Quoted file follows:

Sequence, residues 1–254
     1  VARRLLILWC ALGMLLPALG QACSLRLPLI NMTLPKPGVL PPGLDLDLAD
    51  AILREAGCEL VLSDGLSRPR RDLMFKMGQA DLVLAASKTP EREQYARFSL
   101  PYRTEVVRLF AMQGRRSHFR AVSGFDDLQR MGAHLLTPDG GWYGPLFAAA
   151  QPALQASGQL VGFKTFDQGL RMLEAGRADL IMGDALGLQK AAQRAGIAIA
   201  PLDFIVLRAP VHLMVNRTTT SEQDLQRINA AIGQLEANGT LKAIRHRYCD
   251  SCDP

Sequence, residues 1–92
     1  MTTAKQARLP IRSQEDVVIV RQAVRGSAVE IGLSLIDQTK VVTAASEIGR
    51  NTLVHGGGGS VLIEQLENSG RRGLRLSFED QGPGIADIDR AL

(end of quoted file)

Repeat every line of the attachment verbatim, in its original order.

Sequence, residues 1–254
     1  VARRLLILWC ALGMLLPALG QACSLRLPLI NMTLPKPGVL PPGLDLDLAD
    51  AILREAGCEL VLSDGLSRPR RDLMFKMGQA DLVLAASKTP EREQYARFSL
   101  PYRTEVVRLF AMQGRRSHFR AVSGFDDLQR MGAHLLTPDG GWYGPLFAAA
   151  QPALQASGQL VGFKTFDQGL RMLEAGRADL IMGDALGLQK AAQRAGIAIA
   201  PLDFIVLRAP VHLMVNRTTT SEQDLQRINA AIGQLEANGT LKAIRHRYCD
   251  SCDP

Sequence, residues 1–92
     1  MTTAKQARLP IRSQEDVVIV RQAVRGSAVE IGLSLIDQTK VVTAASEIGR
    51  NTLVHGGGGS VLIEQLENSG RRGLRLSFED QGPGIADIDR AL